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Thursday, December 18, 2014

Taking on dragons in the southern seas
(Page 2 of 3)
Once on the island, we set out, 15 people from two groups, with one ranger up front and one in the rear. They carried long wooden sticks, each cut into a prong at the end. They said they would stick it in the dragon’s eyes if one became nasty. Yeah, right. The “rangers” looked about 16 years old. Their sticks were big twigs.

They said we would trek for two hours to a water hole. It was about 95 degrees and 100 percent humidity. So we started out, all flat ground, bushes and jungle all around, with the rangers whispering, “Stay together.” It was like a scene out of a bad Tarzan movie (were there any good ones?). We were all making jokes because we were so nervous.

I wondered at this world — a few days ago I was home, walking my dog around the block. This morning I was walking through a jungle on an island in Indonesia to see Komodo dragons. Tonight I’m writing about it on my laptop.

About a half hour out, it started to rain. No, it wasn’t really rain; it was as if all the water on Earth was being dumped on our heads. Massive, unrelenting sheets of water soaked us through and turned the trail to a mudslide. The guide was whispering, “Stay together,” but we struggled just to stay on our feet in the mud. After 10 minutes we gave up on avoiding the deep puddles and just splashed through.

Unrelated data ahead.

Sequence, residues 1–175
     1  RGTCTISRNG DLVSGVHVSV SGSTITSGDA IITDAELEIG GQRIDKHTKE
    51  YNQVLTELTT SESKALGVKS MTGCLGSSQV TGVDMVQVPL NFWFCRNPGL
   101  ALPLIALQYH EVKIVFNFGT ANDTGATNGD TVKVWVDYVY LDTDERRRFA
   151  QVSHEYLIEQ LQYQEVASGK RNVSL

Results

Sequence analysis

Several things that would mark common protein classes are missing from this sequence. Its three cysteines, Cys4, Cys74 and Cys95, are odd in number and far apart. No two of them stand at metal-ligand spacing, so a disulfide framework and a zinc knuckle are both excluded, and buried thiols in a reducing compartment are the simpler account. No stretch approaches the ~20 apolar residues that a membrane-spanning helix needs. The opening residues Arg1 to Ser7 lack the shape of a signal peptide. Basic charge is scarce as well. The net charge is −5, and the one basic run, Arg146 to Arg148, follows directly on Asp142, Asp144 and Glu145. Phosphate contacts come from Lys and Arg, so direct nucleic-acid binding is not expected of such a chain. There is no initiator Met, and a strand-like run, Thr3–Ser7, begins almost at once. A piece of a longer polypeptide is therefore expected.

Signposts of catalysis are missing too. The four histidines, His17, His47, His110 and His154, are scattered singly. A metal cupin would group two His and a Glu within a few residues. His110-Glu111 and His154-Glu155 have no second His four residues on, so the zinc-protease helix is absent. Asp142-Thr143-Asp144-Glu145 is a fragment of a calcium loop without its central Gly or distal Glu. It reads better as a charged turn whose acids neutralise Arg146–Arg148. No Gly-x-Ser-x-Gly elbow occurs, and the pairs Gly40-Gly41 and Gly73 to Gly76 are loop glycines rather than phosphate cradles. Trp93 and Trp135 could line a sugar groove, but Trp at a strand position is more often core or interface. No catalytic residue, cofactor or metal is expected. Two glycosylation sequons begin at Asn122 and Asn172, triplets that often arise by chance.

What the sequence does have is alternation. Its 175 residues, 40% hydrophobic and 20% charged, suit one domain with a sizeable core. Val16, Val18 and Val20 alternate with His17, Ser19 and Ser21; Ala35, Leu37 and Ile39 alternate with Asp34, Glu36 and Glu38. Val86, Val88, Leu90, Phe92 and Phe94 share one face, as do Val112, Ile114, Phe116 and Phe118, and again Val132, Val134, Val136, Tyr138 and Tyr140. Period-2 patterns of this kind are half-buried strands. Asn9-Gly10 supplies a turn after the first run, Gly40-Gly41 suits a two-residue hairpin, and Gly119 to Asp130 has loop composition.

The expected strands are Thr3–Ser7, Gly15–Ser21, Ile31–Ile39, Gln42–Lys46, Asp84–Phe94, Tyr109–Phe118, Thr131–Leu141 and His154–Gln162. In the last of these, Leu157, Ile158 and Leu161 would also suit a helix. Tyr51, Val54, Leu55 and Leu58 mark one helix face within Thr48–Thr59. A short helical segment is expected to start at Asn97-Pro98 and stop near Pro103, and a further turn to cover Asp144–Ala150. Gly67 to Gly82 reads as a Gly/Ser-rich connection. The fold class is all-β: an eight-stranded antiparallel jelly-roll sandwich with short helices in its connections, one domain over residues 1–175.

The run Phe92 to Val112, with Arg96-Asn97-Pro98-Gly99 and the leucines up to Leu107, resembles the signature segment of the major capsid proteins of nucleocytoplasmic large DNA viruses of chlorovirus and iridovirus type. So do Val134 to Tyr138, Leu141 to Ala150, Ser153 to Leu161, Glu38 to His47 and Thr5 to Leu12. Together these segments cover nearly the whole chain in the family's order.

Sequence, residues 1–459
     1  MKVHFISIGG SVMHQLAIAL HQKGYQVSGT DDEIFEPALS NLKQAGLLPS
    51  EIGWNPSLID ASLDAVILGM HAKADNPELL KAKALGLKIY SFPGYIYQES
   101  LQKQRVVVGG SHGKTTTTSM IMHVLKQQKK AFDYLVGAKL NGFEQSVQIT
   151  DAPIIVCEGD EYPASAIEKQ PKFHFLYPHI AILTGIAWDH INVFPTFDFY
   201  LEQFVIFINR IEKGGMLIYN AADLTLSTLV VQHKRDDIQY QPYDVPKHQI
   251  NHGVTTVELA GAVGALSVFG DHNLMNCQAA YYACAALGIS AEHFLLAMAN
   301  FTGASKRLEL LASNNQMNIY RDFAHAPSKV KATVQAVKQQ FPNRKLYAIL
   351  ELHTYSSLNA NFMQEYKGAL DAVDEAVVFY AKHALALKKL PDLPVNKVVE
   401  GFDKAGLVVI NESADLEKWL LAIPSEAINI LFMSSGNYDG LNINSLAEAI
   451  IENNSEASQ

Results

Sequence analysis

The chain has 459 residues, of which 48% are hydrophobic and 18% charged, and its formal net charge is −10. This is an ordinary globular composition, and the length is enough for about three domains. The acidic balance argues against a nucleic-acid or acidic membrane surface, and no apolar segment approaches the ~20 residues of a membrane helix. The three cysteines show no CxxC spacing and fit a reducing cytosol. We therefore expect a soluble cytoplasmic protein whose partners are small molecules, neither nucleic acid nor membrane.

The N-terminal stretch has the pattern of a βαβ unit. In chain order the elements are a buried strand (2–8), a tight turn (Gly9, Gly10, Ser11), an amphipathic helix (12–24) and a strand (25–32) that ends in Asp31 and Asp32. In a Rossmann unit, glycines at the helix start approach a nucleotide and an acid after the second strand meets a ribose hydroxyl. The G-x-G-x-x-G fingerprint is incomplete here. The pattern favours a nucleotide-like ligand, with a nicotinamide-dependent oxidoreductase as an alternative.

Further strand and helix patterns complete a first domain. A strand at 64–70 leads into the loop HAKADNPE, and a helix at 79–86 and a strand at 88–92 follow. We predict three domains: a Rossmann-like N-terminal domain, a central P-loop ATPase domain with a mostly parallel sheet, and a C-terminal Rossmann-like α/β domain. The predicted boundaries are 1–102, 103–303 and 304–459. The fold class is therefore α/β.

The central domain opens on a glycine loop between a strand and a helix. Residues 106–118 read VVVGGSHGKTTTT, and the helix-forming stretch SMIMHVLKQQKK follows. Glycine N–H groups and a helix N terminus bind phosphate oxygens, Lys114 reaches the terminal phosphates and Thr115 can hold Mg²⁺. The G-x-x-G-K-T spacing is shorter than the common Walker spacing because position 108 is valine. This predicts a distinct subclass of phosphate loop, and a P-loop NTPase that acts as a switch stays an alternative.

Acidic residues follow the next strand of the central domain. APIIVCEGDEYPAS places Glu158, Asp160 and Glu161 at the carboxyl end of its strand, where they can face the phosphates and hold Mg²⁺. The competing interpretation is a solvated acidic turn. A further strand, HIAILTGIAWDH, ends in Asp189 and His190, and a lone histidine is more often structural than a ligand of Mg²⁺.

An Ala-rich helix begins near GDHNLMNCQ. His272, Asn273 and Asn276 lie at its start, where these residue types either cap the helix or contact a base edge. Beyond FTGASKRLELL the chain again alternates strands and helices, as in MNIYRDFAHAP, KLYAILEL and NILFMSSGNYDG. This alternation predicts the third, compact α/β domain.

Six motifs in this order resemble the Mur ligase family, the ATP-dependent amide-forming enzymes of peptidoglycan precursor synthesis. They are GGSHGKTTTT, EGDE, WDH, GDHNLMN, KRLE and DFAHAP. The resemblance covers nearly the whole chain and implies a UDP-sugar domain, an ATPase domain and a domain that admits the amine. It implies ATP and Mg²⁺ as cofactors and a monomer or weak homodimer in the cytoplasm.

My husband was up ahead when I saw him go down. He slipped in the mud and fell on his back. But he had a backpack on, so he was like a turtle, moving his arms and legs; he couldn’t get up. A few men helped him to his feet, but his leg was bleeding. Really bleeding. The guide started to run away from him in a very unsubtle way. I used some Purell to wash his leg but it kept oozing because of the aspirin he takes. He said he was OK to walk, so we moved on through the rain into a clearing.

There we saw five Komodo dragons, 12 to 15 feet long, at a water hole. They were all moving around in different directions. I noticed no one wanted to stand near my husband and his bleeding leg.

Then, and I swear this is true, our ranger said to me, “I am very afraid.” What could I say? I told him we were fine. He said, “It’s OK if I die, but I don’t want you to die.”
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